This notion supplements what I said previously about an engaging context, weaving a tapestry, etc. Whatever image floats your boat, but in this case the camouflage I’m talking about is more related to stress or urgency. So many times we see a block of information about a world’s past, or the workings of magic, or the specific nature of technology or the undead– and it’s just sitting there out in the open, so to speak. Why would the reader want to take time to learn this thing now and drop the plot to do so? Never mind they need to know it. Show it. Buried in the action, in a task that carries importance for a character that you want the reader to care about.

How About… Running?

Suppose your main character is headed toward the manor, to meet three lovely suitors and choose one of them to marry. If your character thinks about each one at this time– their merits and advantages, the political situation, the social implications, parent’s wishes and dare we add, how much she likes each one (or doesn’t)– that is all appropriate to the When and the How, it’s in the proper context and relevant to the character’s thoughts. Sure- but this is going to take several paragraphs, all at once. And even if you masterfully sprinkled in all the info earlier in the story, it’s still quite relevant for her to revisit her thinking now, at crunch time. Is the reader doomed to a boring recitation, a bloc of world-building?

I suggest you have the character run.

Just adding the speed of her movement to the manor (or perhaps for a few lines, running AWAY!) will lend a sense of urgency to the plot. And after all this is an important time. Intersperse these matters you have to cover with even a small layer of action. Her speed increases as she realizes the dishonor and shame of being late, or it slows as she fights within herself to decide, or to avoid this dreadful decision. The simple action of her movement from one place to another, so often ignored, can lend that meaning the reader needs to empathize. Maybe you took it for granted. And sure, choosing between three suitors, we get the picture. But how long can you expect the reader to just hang on without a little emotional juice while you compare the dirt-poor marquis to the fabulously wealthy merchant and the rake with the enchanting musculature?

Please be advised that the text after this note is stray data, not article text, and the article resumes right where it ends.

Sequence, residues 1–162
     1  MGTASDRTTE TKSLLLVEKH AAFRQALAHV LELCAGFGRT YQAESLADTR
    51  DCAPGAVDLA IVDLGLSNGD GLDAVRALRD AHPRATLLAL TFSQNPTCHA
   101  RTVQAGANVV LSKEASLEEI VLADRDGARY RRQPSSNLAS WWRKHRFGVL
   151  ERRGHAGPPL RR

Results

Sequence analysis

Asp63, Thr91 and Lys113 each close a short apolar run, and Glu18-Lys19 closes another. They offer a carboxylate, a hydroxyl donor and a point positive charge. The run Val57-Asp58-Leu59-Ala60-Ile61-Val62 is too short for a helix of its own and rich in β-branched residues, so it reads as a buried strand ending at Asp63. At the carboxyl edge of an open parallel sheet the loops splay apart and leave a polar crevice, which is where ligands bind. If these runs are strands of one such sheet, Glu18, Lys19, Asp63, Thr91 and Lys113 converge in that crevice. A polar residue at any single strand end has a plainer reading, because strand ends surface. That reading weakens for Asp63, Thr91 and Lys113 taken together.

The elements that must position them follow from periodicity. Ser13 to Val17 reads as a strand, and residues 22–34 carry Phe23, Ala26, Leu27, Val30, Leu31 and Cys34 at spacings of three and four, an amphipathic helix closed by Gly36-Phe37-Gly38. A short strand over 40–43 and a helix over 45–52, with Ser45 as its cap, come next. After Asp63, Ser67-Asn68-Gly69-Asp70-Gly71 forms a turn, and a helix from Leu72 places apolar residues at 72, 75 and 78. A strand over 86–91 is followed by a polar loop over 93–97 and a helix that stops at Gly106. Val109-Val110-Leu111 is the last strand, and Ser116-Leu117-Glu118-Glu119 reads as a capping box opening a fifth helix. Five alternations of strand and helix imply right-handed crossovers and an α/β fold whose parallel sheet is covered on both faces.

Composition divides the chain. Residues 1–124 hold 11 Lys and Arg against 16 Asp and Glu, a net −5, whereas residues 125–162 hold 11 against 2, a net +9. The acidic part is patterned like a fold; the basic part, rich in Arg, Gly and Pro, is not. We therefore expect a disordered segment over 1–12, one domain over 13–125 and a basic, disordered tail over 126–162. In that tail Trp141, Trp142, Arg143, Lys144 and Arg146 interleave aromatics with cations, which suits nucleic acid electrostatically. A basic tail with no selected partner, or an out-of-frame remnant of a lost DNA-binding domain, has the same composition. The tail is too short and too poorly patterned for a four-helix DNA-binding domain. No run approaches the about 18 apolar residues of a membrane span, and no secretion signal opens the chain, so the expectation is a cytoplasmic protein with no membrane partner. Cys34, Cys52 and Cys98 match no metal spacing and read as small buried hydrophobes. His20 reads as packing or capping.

Remember, the reader is not actually marrying the dude. You just have to make them WANT to!

In Exemplum Gratia: Judgement’s Tale

Come now, you didn’t seriously believe I would run a half-dozen blog articles out here and not put in a plug for my own work! But aside from shameless self-promotion, I want to demonstrate that I’m drinking the Kool-aid here. When I started my chronicling career I was not conscious of these matters, there were just books I’d read that I liked and others not so much. Working to bring the Tales of Hope to publication has certainly taught me a lot, and I hope you find it useful too. Thus ends the non-apology.

Solemn Judgement is a stranger to the Lands of Hope, but he’s not an ignorant narrator because I never take his point of view when I write. The level of remove I chose means I can only show the reader what Judgement does or let them hear what he says. Fortunately for him (and me), Judgement meets a kindly elvish sage named Cedrith who observes the young lad’s rigid, lonely demeanor and becomes determined to be his friend. As part of his tutelage, he takes Judgement to see a theatrical performance.

This is a veritable King Solomon’s Mine of world-building. There is a metric ton of stuff the reader needs to know about the past of this world, because in classic epic fantasy fashion, Judgement is destined to be the hero tasked with saving it. Thus, the way Hope pushed back the armies of Despair, and the fight between the hero Areghel and the Earth Demon Kog that happened millennia ago, and a hundred other things all need to be presented to Judgement (and to the reader). And I’m using the equivalent of Henry V to do it.

Snoozefest Alert? I knew the risk was there. But consider:

  • When you put on a play in a world with magic, you get to use that. Actors in the play wear artefacts called Miens, and appear to be 8 feet tall and shine with their own light. When I start the chapter I don’t immediately clue the reader in to the fact that we’re in a theater, and it might appear to be a flashback or miraculous occurrence. When one of the actors gives a hero’s speech, I even made the font bigger.